Actually, it turns out that tips and quality of service are usually very loosely correlated, at most (see “Tip Levels and Service: An Update, Extension and Reconciliation” by Michael Lynn of Cornell University, 2003, and “Incentives and Service Quality in the Restaurant Industry: The Tipping Service Puzzle“, by Ofer H. Azar of Ben-Gurion University, 2007). People generally just tip what they tip. It’s a pretty unusual occasion where quality of service affects the amount of the tip much, and as a result it’s even rarer when a prospective tip affects the quality of service.
Interestingly, however, female servers drawing smiley faces on the check has been shown to increase tips by 18% (Rind & Bordia 1996). Hey, there’s a whole field of study as to how servers can increase their tips by doing such things as touching guests on the shoulder, or predicting that the next day’s weather will be sunny. Check out Mega Tips from Cornell University.
More and more restaurants are changing the way they pay for providing service. Some have a price-inclusive menu, like Casa, while other charge a service fee in lieu of accepting tips. A short list includes the North Star Cafe in Columbus, Black Star Co-op in Austin, Texas; The Linkery in San Diego; and Yuka in New York City. Chez Panisse is an example of a fine-dining establishment that has been a no-tipping restaurant for many years.
If you forget and leave cash on the table or bar, Casa will donate the money directly to a local charity of our choice. We chose a different charity each month. If you forget and try to add a tip on your credit or debit card, you will notice when you check your credit card statement that we did not add that amount to your total. Your waitron or bartender will also remind you that we no longer take tips as they bring you your check.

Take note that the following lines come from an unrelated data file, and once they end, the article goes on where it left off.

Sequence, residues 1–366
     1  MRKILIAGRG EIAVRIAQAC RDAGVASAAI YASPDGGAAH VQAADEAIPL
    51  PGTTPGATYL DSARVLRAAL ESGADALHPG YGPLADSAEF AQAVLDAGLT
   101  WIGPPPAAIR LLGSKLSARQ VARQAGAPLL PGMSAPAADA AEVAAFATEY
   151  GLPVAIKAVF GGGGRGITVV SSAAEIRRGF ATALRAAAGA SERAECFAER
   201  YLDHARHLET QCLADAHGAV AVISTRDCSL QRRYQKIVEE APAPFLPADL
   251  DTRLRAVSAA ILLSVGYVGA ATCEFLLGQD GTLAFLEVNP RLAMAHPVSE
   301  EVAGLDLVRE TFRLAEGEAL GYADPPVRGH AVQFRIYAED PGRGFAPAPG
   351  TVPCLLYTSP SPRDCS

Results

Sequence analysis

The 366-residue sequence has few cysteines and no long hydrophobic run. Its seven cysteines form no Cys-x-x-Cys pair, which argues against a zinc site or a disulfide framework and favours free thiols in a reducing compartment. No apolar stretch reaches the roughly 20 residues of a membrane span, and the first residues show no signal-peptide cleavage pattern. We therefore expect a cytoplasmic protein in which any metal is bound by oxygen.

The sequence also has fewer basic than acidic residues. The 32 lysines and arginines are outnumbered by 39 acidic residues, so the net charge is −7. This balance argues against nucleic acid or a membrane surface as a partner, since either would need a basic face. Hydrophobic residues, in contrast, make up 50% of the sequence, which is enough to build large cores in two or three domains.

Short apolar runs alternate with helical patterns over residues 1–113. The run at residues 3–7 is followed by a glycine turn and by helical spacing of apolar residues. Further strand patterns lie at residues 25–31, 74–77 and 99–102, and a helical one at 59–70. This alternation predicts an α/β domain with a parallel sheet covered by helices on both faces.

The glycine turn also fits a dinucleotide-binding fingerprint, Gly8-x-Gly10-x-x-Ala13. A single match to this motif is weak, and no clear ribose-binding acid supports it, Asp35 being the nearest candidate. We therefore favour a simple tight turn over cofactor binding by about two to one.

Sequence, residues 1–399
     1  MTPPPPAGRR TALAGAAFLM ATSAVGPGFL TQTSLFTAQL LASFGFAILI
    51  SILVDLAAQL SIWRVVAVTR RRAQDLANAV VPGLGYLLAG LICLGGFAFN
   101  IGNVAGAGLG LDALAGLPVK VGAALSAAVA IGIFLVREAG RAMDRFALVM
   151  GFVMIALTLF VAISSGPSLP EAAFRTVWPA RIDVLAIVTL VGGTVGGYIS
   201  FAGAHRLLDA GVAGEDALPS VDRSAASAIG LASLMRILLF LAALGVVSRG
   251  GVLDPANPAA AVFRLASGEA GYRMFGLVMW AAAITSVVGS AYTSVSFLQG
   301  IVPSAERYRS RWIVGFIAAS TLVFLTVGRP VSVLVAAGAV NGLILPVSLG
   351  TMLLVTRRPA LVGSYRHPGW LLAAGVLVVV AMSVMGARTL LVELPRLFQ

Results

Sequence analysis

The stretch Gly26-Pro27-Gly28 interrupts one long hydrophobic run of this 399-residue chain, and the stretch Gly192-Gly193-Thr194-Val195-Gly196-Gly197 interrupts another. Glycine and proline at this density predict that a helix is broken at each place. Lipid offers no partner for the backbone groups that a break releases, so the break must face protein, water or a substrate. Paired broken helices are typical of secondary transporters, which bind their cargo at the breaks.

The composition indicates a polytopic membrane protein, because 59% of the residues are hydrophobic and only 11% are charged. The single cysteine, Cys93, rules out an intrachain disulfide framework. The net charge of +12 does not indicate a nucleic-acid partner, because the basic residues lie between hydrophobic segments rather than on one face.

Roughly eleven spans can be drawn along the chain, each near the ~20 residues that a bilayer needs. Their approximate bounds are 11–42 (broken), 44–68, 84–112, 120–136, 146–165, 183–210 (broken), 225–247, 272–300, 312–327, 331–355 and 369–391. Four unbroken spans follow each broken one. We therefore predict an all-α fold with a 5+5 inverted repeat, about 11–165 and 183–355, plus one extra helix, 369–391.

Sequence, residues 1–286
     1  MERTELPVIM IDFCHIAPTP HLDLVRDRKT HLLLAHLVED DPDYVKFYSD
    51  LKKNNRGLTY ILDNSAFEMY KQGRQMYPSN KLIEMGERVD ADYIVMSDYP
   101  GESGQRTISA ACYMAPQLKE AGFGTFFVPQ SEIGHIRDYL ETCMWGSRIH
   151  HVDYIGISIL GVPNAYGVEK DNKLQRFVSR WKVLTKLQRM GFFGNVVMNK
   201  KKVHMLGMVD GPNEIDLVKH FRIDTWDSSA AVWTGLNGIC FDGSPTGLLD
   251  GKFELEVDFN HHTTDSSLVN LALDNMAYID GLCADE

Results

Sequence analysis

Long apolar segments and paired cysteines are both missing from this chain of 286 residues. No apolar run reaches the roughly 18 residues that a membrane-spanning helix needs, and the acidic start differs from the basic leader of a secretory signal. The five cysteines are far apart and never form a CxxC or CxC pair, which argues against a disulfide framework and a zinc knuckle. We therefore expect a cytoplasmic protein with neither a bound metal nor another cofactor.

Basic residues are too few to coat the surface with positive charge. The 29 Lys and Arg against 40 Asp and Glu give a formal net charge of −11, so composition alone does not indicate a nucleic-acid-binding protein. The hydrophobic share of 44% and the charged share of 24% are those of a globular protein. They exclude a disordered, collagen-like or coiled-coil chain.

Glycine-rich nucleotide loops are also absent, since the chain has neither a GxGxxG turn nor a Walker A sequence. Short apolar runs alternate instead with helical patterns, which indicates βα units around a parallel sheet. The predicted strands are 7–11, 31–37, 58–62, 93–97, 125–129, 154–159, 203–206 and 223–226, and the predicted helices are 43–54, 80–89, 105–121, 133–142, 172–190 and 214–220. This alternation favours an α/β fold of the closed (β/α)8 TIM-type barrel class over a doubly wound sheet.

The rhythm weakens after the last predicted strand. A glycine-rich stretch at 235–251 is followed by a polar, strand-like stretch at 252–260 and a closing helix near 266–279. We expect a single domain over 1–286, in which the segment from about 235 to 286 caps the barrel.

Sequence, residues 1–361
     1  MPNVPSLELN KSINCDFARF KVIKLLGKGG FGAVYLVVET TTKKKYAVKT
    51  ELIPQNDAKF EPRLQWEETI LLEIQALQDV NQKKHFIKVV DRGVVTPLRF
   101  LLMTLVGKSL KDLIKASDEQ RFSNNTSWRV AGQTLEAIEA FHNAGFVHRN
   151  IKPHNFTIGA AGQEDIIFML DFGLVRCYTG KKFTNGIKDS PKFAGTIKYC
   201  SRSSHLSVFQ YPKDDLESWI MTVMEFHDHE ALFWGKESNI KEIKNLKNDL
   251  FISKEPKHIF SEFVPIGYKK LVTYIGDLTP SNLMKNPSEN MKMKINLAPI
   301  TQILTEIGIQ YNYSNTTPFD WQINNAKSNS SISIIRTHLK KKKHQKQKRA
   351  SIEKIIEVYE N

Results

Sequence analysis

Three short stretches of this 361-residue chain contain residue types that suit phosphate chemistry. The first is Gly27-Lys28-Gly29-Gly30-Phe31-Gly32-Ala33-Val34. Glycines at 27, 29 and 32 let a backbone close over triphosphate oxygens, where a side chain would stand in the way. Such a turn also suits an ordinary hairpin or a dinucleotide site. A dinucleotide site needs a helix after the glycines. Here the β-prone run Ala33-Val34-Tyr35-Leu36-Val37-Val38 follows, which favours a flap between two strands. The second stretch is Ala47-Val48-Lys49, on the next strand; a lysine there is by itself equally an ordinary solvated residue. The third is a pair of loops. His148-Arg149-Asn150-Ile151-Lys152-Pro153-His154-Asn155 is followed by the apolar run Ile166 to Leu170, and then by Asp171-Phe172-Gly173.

With the new pricing, our customers’ total out of pocket expense has most likely remained about the same. If you accidently forget and leave cash on the table or bar, and we are not able to directly return this to you, Casa will donate the money directly to a local charity of our choice.
Since our formation, Casa has valued everyone’s role in bringing you the best Casa experience. As a cooperative business, we do not want to favor one person’s role over another, but rather pay a fair wage to everyone whether they are waiting, tending bar, cooking, or doing dishes. We value versatility and job rotation. Each employee may perform many different jobs that contribute to the success of our business.
Since our formation, Casa has valued everyone’s role in bringing you the best Casa experience. As a cooperative business, we do not want to favor one person’s role over another, but pay a fair wage to everyone no matter if they are waiting, tending bar, cooking, or doing dishes. Since we prepare as much local food as possible in-house, there are a lot of workers who have a role in delivering a great experience. We value versatility and job rotation. Our staff work many different types of shifts that contribute to the success of our business.
There are several interesting articles on-line about this subject:
- A New York Times Sunday Magazine article about the Linkery, in San Diego.
- This installment of Ask a Waiter provides a though-provoking analysis of the tipping practice.
- The New York Times provides a pretty accurate overview of the state of tipping.
- Here’s an article from the Chicago Tribune explaining why eliminating tipping won’t work at restaurants such as ours, even though “the idea has merit.”
- Finally, a blogger’s well-written reaction to the Chicago Tribune article above.